Growing up in the febrile atmosphere of manliness following Six-Day War, the Israeli photographer never felt he quite fitted in. Until he joined the IDF, embraced his sexuality and went to art college
Born in Athens in 1960, Yannis Behrakis was inspired to take up photography after chancing across a Time-Life photobook as a young man. Going on to study photography in Athens and at Middlesex University in the UK, he starting work for Reuters in 1987, and by 1989 had been sent on his first foreign assignment – Muammar Gaddafi’s Libya, where he quickly made his name.
“He quickly displayed a knack for being in the right place at the right time,” reports Reuters’ site The Wider Image. “When Gaddafi visited a hotel where journalists had been cooped up for several days, a scrum of reporters crowded around the Libyan leader to get pictures and soundbites.
‘I somehow managed to sneak next to him and get some wide-angle shots,’ Behrakis wrote. ‘The next day my picture was all over the front pages of papers around the world.’”
In 1989, a record number of 71,000 Soviet Jews were granted exodus from the USSR after a century of radical changes, fuelled by a wave of anti-semitism. Between 1988 and 2010 over 1.6 million Jews left the territory of the former Soviet Union, most of them settling in Israel but others heading for Germany, Canada, Australia, and the United States.
Irina Rozovsky was seven years old when her family fled from Russia to America in 1988. “It’s ironic in retrospect,” she says. “The USSR was a closed up place where Jews were discriminated against; in the end we were the ones that got to leave and seek out a better life. It was like winning the lottery.”
Rozovsky, now 37, lives in Georgia, US, with her husband and two-year-old daughter. “In my work I’m always circling back to the beginning of things, which for me is leaving one place and settling in another, adapting to a new life,” she says. “My photographs are not autobiographical, but I guess that history and the search for the familiar echoes in how I see. Not being able to see the place that you remember, I think that drives my photography.”
“Talking to people in Gaza, you realise how much the drones are burrowed into their daily lives,” says Daniel Tepper, an American photographer who has been researching and documenting the production and militarisation of drones in Israel since the 2014 conflict in Gaza.
In Arabic, unmanned aircrafts are referred to as ‘zenana’, local slang for the buzzing of a mosquito; in English ‘drones’ take their name from the male honeybee, and the monotonous hum it makes in flight. The Israeli military pioneered the use of drones in combat, employing the technology during the 1982 Lebanon War, and since then people in Gaza have become accustomed to the insidious noise of drones, sounding so close “they could reside beside us”, as Dr. Atef Abu Saif writes in his first-hand account of the 2014 conflict, The Drone Eats With Me. “It’s like it wants to join us for the evening and has pulled up an invisible chair,” he adds.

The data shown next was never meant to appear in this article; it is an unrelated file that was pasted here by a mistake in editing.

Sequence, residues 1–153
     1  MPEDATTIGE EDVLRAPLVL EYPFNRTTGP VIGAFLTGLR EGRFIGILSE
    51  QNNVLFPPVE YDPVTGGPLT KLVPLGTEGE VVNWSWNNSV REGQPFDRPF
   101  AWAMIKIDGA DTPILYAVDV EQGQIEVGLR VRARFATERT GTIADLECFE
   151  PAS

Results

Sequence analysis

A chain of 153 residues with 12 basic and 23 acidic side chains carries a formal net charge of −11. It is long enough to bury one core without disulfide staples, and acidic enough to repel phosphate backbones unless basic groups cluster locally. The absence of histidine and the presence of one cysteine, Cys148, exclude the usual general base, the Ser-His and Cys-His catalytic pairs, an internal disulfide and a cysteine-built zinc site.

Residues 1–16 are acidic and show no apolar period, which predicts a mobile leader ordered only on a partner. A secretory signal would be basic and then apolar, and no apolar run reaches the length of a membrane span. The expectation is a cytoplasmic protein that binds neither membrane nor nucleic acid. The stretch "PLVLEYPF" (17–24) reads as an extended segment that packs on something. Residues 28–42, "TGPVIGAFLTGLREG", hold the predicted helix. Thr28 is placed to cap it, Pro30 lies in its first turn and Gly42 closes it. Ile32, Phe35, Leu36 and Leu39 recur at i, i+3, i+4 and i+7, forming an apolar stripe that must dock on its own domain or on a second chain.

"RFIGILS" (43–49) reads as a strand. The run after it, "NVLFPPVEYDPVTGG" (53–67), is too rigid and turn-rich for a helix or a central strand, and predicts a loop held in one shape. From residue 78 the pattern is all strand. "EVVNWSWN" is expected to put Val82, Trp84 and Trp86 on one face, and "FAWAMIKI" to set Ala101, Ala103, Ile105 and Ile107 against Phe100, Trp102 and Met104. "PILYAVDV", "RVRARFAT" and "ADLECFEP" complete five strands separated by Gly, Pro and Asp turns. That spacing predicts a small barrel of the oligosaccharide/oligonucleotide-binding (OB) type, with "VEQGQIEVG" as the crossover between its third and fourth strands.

Despite this familiarity, what’s most scary about the drones is the fact it’s always unclear why they’re out – if they’re doing surveillance, if they’re armed, or if they’re about to strike. During the summer of 2014 the people of Gaza lived under constant surveillance, so much so you couldn’t distinguish a star or a satellite from a drone at night, says Vittoria Mentasti, an Italian photographer who experienced the conflict while reporting on it. According to Hamushim, a human rights group based in Gaza, drone warfare was responsible for almost a third of the 1543 civilian casualties in the 2014 war.
“I have to be scared, because the moment I’m not scared it might be dangerous.” Miki Kratsman has found himself in a number of difficult and dangerous situations over the course of his 33 year career photographing the Israeli-Palestinian conflict. In that time, he has repeatedly changed his approach to create different narratives, showing not only the danger in the region, but those brave enough to stand up to the attacks, the pernicious nature of surveillance and latterly creating a Facebook community to share news of what has happened to the subjects of his photographs.
Swedish documentary photographer Loulou d’Aki’s Make a Wish has been a long time in the making. The project, which was shortlisted for the Grand Prix at Lodz Fotofestiwal this year, revolves around the aspirations and dreams of young people across the globe, recorded in a sweeping compilation of portraits and landscapes. Shot alongside commissions for international publications such as Le Monde, The New York Times and Die Zeit, it evolved over a number of years, charting the photographer’s life on the move.
When Gili Yaari was a child having a kickabout with friends, and his father walked past after a long day’s work and patted the top of his head with those giant hands, coarse from the hours spent mending leather goods in a workshop, the sadness that engulfed him wasn’t always apparent because, as a young boy, what Yaari saw was his Dad’s sweet face, his tender gaze. The fact that his father was a Holocaust survivor wasn’t immediately apparent because he was, after all, a survivor – a provider, a worker, a lover, a Dad. “I grew up in what seemed like a ‘normal’ house. My parents emigrated to Israel from Hungary, and they integrated into society, worked for their living and managed to raise a family. It was only when I grew up that I understood I was actually raised in a house where there was no happiness, where joy was illegitimate, where fear and survival were a driving force,” says the Israeli photojournalist of his upbringing in Beit-Shmesh, a suburb of Jerusalem. That …